Move Another Step Toward Improved Health By Taking the No GMO Challenge

Ready to take another step in eating for optimal health? Take the No GMO Challenge.

Five days ago, on April 22, Earth Day, co-sponsors Real Food Media and the Institute for Responsible Technology started a campaign urging consumers to take the No GMO Challenge to protect themselves from one of history’s greatest man-made health and environmental threats – genetically modified organisms (GMOs). It is a rolling challenge, meaning you can join at anytime. Begin by cleaning out your cupboard and make a 30-day commitment to eating as many non-GMO meals as possible. This challenge is particularly important for people who have switched to eating more corn after starting a gluten-free diet.

Organizers of the No GMO Challenge hope U.S. shoppers will flex their considerable spending power during the No GMO Challenge to buy only non-GMO products. People who have already signed up for the No GMO Challenge include moms, farmers, chefs, scientists, physicists, biologists, home cooks, retailers and nutritionists like me.

Consumer polls show that 9 out of 10 Americans want GM foods labeled so they can avoid buying them. Nearly two-thirds of products on supermarket shelves contain unlabelled genetically modified ingredients. A controversial Food and Drug Administration exception made in the 1990s, permits GMOs to enter the food supply without adequate safety testing, say watchdog groups.

To help get the word out about GM foods, organizers of the No GMO Challenge ask people to pledge that for 30 days, they will avoid GMO food made from the 5 main GM crops: corn, soy, canola and cottonseed oil, and sugar from sugar beets.

Ann Marie Michaels, the founder the Real Food Media Blog Network says, “We are asking consumers to try to avoid these foods and to talk about it, blog about it, tweet about it, post about it on Facebook, and get the word out as much as possible. At the No GMO Challenge site, we’ll have videos and news articles you can link to or blog about or tweet, and you can also just write about your experiences going GM-free.”

The rolling No GMO Challenge, similar to the Eat Local Challenge, launched on Earth Day and will continue until GMOs are driven out the food supply, organizers say. Consumers are asked to organize, educate and build awareness about the dangers of GMOs until that goal is realized.

Jeffrey Smith, a leading expert on the health dangers of GMOs, says that Earth Day is the right time to draw attention to the environmental threat posed by GMOs. “GM crops concentrate corporate control of food, increase herbicide use without increasing average yields, endanger food security, are detrimental to sustainable and organic farming, and trap farmers in a cycle of debt and dependence. They shrink biodiversity, harm beneficial insects, damage soil bacteria, contaminate non-GM varieties, and persist in the environment. The presence of self-propagating genetic pollution might outlast the effects of global warming and nuclear waste,” he says.

Scientists warn that GM foods may set off allergies, increase cancer risks, damage food quality and produce lasting toxins in the environment. GMOs also increase the risk of antibiotic resistant strains of bacteria, due the use of antibiotic resistant genes in GM food.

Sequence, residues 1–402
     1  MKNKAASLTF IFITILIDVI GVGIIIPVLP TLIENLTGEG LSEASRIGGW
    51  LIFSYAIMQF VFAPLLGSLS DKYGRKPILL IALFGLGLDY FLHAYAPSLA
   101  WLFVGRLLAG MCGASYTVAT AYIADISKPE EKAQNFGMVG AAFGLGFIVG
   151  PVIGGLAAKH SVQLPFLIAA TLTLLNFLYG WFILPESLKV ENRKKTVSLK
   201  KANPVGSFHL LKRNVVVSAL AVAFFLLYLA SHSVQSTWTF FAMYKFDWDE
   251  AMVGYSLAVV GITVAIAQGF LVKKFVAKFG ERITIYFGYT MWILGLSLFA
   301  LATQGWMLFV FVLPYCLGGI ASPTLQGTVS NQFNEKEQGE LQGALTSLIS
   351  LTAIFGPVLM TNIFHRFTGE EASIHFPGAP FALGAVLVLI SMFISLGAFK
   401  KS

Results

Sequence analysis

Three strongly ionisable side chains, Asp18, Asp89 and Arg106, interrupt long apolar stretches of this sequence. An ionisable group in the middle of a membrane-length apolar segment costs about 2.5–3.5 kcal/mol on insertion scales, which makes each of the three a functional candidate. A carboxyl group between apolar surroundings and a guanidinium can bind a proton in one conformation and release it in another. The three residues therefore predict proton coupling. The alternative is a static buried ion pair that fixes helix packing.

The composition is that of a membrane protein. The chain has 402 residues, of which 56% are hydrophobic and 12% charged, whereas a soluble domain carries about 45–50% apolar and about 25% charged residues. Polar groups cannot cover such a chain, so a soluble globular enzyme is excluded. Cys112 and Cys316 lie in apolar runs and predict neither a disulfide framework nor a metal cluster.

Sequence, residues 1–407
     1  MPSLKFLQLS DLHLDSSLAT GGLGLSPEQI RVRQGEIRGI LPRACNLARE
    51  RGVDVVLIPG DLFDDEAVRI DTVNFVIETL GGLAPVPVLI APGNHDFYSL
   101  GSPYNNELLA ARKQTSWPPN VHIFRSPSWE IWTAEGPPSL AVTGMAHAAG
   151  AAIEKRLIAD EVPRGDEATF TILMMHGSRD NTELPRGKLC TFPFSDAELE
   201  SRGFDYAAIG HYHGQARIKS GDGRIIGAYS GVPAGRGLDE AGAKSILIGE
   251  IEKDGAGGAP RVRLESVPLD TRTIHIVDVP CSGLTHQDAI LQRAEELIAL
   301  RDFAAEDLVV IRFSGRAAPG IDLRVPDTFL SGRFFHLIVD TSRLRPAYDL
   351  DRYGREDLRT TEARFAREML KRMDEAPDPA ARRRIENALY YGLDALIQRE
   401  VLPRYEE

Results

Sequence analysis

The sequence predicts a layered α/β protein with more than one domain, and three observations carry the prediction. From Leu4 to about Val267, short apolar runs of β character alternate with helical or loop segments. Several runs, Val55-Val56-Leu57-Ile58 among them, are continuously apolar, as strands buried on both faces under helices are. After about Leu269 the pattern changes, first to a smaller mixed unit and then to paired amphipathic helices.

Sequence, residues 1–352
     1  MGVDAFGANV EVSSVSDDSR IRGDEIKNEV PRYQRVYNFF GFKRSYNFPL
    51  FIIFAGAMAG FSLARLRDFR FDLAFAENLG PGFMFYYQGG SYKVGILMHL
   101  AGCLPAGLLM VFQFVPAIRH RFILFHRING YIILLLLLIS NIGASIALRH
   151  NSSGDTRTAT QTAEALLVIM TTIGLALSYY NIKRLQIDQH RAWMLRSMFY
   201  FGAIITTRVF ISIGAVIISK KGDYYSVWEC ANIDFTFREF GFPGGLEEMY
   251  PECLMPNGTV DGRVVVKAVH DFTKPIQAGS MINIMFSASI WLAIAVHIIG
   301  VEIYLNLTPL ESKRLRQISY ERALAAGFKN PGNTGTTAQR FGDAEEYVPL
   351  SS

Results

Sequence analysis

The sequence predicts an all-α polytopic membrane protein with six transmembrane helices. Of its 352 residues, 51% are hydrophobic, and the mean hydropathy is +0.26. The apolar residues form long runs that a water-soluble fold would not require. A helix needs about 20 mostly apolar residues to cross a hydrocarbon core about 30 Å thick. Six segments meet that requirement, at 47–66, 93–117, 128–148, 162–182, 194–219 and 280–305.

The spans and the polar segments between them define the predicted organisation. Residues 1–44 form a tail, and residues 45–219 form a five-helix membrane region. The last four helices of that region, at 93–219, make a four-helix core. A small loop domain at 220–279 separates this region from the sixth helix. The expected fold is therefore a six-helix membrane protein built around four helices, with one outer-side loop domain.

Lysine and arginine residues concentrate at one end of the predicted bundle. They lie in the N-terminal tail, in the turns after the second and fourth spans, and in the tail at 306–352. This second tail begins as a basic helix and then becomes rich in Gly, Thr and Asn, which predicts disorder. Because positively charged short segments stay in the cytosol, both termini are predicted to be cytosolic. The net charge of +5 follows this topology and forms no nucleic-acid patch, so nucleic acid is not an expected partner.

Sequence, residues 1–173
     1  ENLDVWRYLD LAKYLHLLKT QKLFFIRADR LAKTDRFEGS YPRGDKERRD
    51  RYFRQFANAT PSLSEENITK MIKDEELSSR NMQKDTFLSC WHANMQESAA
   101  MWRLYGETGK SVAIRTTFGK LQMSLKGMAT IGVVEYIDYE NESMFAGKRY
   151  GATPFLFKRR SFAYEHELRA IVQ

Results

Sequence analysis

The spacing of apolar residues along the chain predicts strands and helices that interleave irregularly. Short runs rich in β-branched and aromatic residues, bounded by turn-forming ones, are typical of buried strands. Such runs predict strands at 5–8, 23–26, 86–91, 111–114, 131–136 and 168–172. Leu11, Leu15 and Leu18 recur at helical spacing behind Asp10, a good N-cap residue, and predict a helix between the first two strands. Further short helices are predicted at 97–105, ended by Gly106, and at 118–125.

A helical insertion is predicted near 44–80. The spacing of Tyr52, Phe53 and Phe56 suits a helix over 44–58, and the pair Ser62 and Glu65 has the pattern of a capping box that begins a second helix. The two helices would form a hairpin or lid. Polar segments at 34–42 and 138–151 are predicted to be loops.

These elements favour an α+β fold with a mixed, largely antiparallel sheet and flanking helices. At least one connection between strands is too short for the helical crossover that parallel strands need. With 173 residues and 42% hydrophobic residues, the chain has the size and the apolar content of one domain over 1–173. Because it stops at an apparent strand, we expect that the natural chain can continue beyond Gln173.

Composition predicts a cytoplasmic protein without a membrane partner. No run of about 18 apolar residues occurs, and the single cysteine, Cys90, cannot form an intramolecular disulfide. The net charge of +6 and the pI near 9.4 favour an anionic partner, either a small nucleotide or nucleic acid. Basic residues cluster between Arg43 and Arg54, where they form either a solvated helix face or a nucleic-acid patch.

Non-GMO Trend Accelerating

Worldwide concerns about GMOs have been accelerating. Recent government-funded studies in Austria and Italy linked GMOs to infertility, immune responses, and poorer health of newborns. Other research links increased cancer risk to milk treated with genetically engineered bovine growth hormone has already forced most of the nation’s top dairies, plus Wal-Mart, Starbucks, Yoplait, and Dannon, to commit to stop using it in some or all their products.

Last week, Germany became the sixth European Union nation to ban the planting of Europe’s only approved GM seed—a corn variety by US biotech giant Monsanto, which is engineered to produce its own toxic pesticide. German Agriculture Minister Ilse Aigner concluded that it ”represents a danger for the environment.”

Michaels, who is a rising star in the food blogosphere says, “The majority of Americans don’t trust GM foods and want them labeled. The sad thing is there’s so little information about it. Most of us are eating GMOs every day and we don’t even know it.”

No GMO Challenge co-sponsor, the Institute for Responsible Technology (IRT), wants to remedy that by providing free Non-GMO Shopping Guides for participants. Full of informative charts, tips, and non-GMO brand selections, the Guide makes buying non-GMO easy. IRT’s executive director Jeffrey Smith says, “We expect the No GMO Challenge to magnify the current trend away from high-risk GM foods.”

Learn more at the No GMO Challenge Website.

Sign yourself up for the challenge at the Join the challenge page.

Melissa’s Comments:

I encourage you to take the No GMO Challenge, especially if you eat gluten free but have been eating corn or soy in place of wheat products. It’s a win-win for you. There is no health drawback to avoiding corn, soy, canola, cottonseed, and sugar – only benefits. These five ingredients are highly processed, newfangled foods that we know promote disease. Most of them are common allergens and most wreak havoc with blood sugar and insulin levels. By avoiding them, you not only will protect yourself from the many health dangers of GMOs but you will also protect yourself from foods that lead to disease in many other ways, too. If you haven’t been avoiding GMOs up to now, take the challenge and take another step toward improved health. You’ll likely feel or see some improvements within a week or two, and if you eat more fresh produce in place of those foods, you should lose unwanted weight, too.

Copyright © 2009 Melissa Diane Smith

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